Tapered annual allowance explained
If you are a high earner, the amount you can contribute into a pension and receive tax benefits may be reduced.
What is the tapered annual allowance?
The tapered annual allowance is a reduction in the amount you can contribute each year to your pension and still receive tax relief.
The tapered annual allowance may apply to anyone with a threshold income over £200,000, or an adjusted income over £240,000, for the tax year.
How it works
Your annual allowance will reduce by £1 for every £2 that your adjusted income exceeds £240,000. The maximum reduction is by £36,000. This reduces your annual allowance to £4,000 if you earn £312,000 or more.
The table below details how the annual allowance is tapered based on the standard annual allowance of £40,000 for the 2020-21 tax year.
|Annual Income||Annual Contribution Allowance|
|Up to £240,000||£40,000|
Will I be affected by the tapered annual allowance?
You will only be affected by the tapered annual allowance if you are are a high earner.
It may apply to you if you have a threshold income of more than £200,000 for the tax year, or an adjusted income over £240,000.
What is threshold income?
Threshold income is essentially your net income minus any pension contributions that received tax relief. For a full explanation, see the Government’s guidance on calculating threshold income.
If your threshold income is less than £200,000, you will not be subjected to a tapered annual allowance. If it is over £200,000, you will need to check your adjusted income to see if you will be affected.
What is adjusted income?
Your adjusted income is essentially your net income plus any personal and employer pension contributions. For a full explanation, see the Government’s guidance on calculating adjusted income.
If your adjusted income exceeds £240,000, you will be subject to a tapered annual allowance.
How to work out my tapered annual allowance?
You can check the government guidelines if you wish to work out your tapered annual allowance.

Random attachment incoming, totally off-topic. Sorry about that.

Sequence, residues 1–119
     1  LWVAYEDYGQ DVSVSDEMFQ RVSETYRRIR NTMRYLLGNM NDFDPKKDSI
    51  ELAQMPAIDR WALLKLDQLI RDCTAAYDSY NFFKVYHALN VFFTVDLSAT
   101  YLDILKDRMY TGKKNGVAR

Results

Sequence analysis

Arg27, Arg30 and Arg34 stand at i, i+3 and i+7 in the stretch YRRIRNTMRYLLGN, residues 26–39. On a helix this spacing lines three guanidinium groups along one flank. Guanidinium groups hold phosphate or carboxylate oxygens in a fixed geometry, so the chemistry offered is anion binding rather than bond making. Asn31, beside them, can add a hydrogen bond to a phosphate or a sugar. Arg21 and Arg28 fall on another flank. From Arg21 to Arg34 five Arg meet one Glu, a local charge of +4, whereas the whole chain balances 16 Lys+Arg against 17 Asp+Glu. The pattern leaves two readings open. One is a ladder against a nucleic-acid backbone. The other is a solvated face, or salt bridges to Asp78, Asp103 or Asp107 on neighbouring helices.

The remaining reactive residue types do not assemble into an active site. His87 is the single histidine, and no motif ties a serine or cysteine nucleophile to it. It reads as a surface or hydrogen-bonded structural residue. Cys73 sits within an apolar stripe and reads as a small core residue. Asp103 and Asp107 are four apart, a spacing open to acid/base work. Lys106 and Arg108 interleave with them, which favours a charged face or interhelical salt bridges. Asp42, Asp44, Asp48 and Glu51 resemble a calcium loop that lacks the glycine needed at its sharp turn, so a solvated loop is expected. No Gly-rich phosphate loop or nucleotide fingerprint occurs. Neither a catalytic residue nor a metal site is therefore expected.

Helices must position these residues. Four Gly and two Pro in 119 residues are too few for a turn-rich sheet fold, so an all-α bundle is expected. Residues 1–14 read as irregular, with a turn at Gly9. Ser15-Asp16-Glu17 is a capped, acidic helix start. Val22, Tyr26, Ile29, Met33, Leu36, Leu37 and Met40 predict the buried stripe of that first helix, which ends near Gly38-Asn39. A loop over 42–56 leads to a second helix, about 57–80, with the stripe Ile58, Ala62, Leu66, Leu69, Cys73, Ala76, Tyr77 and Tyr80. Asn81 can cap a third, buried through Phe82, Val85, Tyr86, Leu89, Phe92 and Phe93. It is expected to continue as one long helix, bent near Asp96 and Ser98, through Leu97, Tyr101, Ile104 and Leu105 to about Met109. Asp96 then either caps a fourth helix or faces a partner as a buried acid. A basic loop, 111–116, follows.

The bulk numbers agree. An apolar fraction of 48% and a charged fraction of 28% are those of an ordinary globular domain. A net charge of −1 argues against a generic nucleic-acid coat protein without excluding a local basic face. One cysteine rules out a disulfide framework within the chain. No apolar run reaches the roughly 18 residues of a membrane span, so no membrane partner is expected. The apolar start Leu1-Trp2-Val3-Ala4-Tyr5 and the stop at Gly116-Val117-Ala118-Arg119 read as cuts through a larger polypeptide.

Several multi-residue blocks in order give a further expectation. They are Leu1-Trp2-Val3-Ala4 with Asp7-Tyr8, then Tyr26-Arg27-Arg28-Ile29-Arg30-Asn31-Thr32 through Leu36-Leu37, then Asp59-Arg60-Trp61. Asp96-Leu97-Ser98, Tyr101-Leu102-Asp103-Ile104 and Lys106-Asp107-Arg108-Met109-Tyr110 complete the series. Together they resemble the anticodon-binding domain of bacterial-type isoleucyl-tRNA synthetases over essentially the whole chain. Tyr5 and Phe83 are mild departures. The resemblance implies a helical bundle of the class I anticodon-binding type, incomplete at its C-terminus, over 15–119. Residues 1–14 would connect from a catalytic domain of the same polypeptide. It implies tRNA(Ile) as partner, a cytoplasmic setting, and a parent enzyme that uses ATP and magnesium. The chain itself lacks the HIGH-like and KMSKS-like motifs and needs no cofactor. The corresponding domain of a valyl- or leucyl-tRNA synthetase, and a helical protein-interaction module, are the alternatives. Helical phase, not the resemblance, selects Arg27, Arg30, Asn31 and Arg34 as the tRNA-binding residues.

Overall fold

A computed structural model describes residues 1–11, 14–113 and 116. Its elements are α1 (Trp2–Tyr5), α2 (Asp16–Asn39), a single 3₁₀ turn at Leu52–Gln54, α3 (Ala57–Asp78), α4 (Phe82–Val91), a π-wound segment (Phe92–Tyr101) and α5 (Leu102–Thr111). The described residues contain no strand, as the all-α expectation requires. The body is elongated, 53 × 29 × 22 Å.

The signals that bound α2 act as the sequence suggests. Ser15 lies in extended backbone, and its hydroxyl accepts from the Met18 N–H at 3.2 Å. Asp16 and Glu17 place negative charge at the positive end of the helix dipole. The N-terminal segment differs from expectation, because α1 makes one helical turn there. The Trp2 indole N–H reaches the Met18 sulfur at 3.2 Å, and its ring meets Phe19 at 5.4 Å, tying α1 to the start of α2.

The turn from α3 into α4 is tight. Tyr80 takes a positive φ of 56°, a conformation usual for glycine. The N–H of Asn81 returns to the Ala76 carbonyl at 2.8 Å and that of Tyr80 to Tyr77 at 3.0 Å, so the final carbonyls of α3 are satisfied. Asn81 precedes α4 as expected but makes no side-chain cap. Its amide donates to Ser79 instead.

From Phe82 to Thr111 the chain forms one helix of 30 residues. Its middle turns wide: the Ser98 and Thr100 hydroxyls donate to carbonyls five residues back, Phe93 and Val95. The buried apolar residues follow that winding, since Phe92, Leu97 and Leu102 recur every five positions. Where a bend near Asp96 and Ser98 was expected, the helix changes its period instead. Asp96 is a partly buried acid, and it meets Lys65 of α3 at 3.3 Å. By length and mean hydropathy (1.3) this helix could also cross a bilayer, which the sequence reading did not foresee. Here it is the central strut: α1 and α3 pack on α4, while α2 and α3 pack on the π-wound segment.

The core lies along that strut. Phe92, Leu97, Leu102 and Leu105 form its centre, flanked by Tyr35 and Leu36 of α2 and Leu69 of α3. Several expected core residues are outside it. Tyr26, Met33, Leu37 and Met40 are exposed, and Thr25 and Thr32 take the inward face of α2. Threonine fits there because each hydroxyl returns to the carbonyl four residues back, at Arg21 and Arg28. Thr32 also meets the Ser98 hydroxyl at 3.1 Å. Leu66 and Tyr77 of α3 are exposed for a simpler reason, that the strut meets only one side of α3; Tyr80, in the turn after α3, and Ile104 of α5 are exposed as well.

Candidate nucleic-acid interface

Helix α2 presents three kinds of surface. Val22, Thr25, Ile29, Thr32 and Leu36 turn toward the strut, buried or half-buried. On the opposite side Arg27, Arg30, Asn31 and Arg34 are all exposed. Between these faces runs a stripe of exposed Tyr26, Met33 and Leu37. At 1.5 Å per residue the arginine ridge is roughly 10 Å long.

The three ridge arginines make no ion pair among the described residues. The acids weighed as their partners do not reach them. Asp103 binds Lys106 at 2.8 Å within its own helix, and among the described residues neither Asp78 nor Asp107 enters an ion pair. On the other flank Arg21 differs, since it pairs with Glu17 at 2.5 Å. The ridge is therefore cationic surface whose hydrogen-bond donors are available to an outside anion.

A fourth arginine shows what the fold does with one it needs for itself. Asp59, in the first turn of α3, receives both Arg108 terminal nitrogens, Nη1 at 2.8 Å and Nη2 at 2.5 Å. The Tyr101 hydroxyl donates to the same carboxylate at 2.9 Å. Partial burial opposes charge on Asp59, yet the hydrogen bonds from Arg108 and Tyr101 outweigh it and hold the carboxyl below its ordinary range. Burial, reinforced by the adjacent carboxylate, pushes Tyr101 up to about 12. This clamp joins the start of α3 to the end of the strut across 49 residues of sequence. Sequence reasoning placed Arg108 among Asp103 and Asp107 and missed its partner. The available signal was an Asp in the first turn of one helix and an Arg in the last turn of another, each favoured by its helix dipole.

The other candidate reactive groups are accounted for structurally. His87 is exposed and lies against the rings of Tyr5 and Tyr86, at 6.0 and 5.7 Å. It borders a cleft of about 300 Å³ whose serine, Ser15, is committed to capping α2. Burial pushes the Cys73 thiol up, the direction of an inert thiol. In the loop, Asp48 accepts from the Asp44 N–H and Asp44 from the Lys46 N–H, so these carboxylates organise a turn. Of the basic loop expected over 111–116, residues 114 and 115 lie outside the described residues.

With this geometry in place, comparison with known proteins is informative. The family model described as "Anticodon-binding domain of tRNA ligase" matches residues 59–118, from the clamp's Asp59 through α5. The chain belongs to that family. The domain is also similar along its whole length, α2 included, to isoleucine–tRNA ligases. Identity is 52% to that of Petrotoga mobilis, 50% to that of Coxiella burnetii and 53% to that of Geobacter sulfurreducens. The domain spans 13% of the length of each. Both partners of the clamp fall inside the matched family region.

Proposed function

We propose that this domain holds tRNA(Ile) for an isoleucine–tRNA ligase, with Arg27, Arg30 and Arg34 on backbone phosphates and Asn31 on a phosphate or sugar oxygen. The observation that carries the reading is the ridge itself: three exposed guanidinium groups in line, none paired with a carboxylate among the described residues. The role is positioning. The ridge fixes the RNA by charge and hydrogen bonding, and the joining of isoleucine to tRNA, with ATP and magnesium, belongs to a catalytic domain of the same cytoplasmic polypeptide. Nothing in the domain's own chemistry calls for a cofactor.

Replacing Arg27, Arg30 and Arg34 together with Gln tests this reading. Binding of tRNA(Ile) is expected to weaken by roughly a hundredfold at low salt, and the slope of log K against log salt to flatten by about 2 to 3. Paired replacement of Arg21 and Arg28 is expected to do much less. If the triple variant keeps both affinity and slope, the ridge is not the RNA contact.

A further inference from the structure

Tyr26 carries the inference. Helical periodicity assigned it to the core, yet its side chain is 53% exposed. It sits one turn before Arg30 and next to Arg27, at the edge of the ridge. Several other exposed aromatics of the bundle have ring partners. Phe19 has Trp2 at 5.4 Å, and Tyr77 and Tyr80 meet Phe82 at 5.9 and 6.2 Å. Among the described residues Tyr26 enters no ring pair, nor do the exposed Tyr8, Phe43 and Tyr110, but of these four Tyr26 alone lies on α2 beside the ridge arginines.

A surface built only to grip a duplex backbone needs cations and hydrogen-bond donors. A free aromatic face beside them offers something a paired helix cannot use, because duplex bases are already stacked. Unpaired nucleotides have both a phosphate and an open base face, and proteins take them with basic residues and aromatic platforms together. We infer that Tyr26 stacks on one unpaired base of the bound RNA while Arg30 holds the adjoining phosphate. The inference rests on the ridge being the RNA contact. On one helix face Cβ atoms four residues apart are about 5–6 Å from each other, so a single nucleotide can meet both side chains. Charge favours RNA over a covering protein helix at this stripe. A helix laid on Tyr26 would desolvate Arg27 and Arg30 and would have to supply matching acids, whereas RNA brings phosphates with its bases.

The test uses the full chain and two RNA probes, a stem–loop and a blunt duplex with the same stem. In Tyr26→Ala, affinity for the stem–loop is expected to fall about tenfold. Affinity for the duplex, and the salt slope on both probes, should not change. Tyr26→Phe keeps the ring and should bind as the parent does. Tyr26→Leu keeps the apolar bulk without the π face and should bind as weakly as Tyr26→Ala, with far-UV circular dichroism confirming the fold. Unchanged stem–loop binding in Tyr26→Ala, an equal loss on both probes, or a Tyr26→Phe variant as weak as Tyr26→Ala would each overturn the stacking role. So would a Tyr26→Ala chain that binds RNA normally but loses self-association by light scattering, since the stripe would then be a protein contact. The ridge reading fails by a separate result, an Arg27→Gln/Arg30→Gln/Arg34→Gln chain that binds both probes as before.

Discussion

What happens if I am already subject to the money purchase annual allowance (MPAA)?
If you are already subject to the money purchase annual allowance (MPAA), the tapered annual allowance will not affect you. Your annual allowance will already be reduced to £4,000.
Tapered annual allowance FAQs
Can I still carry forward any unused annual allowance?
You can still carry forward unused annual allowance if you have a tapered annual allowance.
For example: if your adjusted income is £250,000, your annual allowance is reduced to £35,000. If you contribute less than £35,000 in the tax year, the remaining amount could potentially be carried forward to another year.
Why was the tapered annual allowance introduced?
The tapered annual allowance was introduced by the government in order to control the cost of pension tax relief.
What happens if I exceed the annual allowance?
If you exceed your annual allowance, you will not receive tax relief on the excess contribution and may face an annual allowance charge. This will be levied by HMRC and will be calculated based on the information you submit when completing your self-assessment tax return.
Get more from an ii SIPP
We don’t believe in charging a percentage fee that goes up as your investments grow.
Our award winning SIPP gives you fixed, transparent pricing, with no percentage-based fees. So you can watch your portfolio grow whilst your costs stay the same.
Open a SIPP and pay no SIPP fee for six months. Following the offer period, the ii SIPP fee is only £10 a month. Terms apply